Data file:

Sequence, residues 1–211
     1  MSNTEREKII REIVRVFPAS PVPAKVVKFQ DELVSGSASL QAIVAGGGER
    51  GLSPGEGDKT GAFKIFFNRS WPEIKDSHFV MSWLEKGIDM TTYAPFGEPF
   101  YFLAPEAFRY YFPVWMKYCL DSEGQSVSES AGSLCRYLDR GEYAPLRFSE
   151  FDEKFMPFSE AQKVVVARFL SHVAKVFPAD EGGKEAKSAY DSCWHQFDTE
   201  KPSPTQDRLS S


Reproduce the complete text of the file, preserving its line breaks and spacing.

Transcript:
Sequence, residues 1–211
     1  MSNTEREKII REIVRVFPAS PVPAKVVKFQ DELVSGSASL QAIVAGGGER
    51  GLSPGEGDKT GAFKIFFNRS WPEIKDSHFV MSWLEKGIDM TTYAPFGEPF
   101  YFLAPEAFRY YFPVWMKYCL DSEGQSVSES AGSLCRYLDR GEYAPLRFSE
   151  FDEKFMPFSE AQKVVVARFL SHVAKVFPAD EGGKEAKSAY DSCWHQFDTE
   201  KPSPTQDRLS S